TOK: Being ‘Right’, Knowing and Explaining

by 042690 on August 15, 2017

Is being ‘right’ a rather objective affair, or is it more complicated than this?

Being ‘right’ is definitely not an objective affair but however there are certainly some instances when it is. Being ‘right’ almost always is subjective. Of course, there are certain times when everyone will agree that you were right. For example, there was a woman who killed two people and was sentenced to life in prison. People will think that this is the ‘right’ punishment and she got what she deserved. Now, at this point, it seems that everyone is happy because the punishment was ‘right’. However, a new fact is introduced that she only did this because they were the ones who killed her family. All of a sudden, the outlook on this changes. There are some people who still believe that the punishment is ‘right’ yet at the same time there are some who agree that she did something wrong, but don’t think that the punishment is the ‘right’ one.

Another case where being ‘right’ is subjective is in culture. For example, most Hindus do not eat beef but someone who lives in the middle of the rainforest might say that eating these meats are alright. In this case, I’d say both of them are ‘right’ because morals not only vary from culture to culture, they also vary in different situations and from person to person. In India, the cow is a sacred animal so Hindus believe that not eating this animal is ‘right’. At the same time, people living in a rainforest might say that this is their only source of food and therefore eating cows are ‘right’ because it is the only way for them to survive.

In terms of facts however, being right is a little bit more objective. For example, doing a math problem, most of the time, there aren’t multiple correct answers to the same question. For example, if the question was 8+3-4. The answer is obviously 7. There is no other answer that you could possibly come up with that would be considered right.

 

With reference to the class activity today about knowing and explaining, in what ways might it be reasonable to suggest that people who disagree with the statement:  You don’t really know something if you can’t explain it to someone else?” can be right?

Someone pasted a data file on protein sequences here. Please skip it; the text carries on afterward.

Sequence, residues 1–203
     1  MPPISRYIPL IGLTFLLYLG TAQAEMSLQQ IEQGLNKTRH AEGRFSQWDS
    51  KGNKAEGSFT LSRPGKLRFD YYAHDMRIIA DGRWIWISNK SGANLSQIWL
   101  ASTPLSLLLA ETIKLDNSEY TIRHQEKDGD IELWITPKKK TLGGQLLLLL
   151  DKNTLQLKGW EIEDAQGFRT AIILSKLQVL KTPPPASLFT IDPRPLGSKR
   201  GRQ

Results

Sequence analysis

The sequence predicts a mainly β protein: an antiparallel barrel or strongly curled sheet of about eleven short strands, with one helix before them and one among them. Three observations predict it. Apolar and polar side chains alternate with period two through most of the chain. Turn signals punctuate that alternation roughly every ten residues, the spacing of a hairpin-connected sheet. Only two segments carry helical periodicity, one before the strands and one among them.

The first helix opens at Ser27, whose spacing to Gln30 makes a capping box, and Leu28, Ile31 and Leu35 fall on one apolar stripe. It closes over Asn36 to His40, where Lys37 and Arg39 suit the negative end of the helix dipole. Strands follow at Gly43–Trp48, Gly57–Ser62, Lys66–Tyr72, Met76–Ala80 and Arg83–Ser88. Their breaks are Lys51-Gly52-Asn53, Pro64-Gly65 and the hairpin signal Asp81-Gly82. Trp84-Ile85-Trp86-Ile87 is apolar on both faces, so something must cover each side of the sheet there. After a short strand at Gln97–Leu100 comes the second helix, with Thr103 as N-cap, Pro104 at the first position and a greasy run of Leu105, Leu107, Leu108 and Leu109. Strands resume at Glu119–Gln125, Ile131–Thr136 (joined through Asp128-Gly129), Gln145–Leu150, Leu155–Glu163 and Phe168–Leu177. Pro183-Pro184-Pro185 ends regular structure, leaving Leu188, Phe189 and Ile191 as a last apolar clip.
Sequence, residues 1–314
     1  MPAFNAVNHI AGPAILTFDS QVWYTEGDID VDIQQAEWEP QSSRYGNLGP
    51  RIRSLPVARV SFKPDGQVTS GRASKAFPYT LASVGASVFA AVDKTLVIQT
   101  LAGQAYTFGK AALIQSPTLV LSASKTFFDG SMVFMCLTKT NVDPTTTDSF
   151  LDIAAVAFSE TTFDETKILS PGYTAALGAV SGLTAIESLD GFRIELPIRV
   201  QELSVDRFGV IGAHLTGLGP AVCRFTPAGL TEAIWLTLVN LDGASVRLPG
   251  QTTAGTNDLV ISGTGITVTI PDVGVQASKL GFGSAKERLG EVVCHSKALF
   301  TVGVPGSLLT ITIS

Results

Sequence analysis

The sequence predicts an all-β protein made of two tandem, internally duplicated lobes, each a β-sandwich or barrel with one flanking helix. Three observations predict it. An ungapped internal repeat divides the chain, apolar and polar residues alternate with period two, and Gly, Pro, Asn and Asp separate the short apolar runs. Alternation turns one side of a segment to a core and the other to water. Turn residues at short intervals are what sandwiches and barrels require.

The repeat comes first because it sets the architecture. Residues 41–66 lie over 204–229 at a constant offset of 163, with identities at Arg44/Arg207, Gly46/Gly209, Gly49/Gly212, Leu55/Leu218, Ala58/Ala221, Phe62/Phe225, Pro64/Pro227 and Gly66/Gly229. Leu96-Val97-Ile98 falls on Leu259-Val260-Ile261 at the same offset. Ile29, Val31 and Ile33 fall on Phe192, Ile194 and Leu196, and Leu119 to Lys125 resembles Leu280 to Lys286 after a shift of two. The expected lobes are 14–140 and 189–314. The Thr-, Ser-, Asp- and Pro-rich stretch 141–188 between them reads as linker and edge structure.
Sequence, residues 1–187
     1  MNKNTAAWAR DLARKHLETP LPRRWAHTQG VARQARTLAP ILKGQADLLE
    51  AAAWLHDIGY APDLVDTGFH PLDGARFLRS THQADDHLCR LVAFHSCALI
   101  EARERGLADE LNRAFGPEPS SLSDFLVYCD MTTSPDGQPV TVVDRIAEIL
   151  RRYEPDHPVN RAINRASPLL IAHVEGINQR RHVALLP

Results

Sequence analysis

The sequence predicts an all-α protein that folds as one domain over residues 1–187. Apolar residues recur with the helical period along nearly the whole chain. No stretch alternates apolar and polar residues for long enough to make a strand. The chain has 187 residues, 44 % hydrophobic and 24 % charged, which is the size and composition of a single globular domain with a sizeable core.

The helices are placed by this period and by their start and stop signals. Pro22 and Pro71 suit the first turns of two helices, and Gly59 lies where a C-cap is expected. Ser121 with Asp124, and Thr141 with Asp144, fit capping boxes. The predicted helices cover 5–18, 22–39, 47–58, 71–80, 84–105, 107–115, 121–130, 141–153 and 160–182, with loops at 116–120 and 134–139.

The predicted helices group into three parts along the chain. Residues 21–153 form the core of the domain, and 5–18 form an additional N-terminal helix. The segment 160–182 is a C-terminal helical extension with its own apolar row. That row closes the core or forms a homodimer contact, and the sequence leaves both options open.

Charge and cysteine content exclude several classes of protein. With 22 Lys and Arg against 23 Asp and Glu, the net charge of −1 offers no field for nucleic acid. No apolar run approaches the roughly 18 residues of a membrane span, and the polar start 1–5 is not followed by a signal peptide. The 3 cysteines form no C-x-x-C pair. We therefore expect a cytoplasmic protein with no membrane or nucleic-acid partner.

People who disagree with this statement can be right in a few instances. Take the AOK (Area of Knowledge) of math as an example. There could be a certain math problem and formula that you understand in your own way but are unable to explain this concept or formula to someone else. The concept makes sense in your brain and you know what you are doing but you are unable to explain it to someone else because you understand it in your own way. Another instance where you may know something but can’t explain it is when you are trying to explain it to a 6 year old. You could know lots about the history of the world and try to explain it to a six year old, but they are not going to understand it because their brain has not developed as much yet which means that they are not able to understand what you are talking.

This also brings up the question of what does it really mean to know something. The dictionary on Google tells us that to know is to “be aware of through observation, inquiry, or information”. In simplistic terms, I believe that to know something is to understand it. You may not be able to explain it to someone but that doesn’t always necessarily mean that you don’t know it (sometimes it does, it depends on the situation). But to know something is to understand it. That may be in a way that you can explain to everybody but that also may be in a way that makes sense but only makes sense to you.

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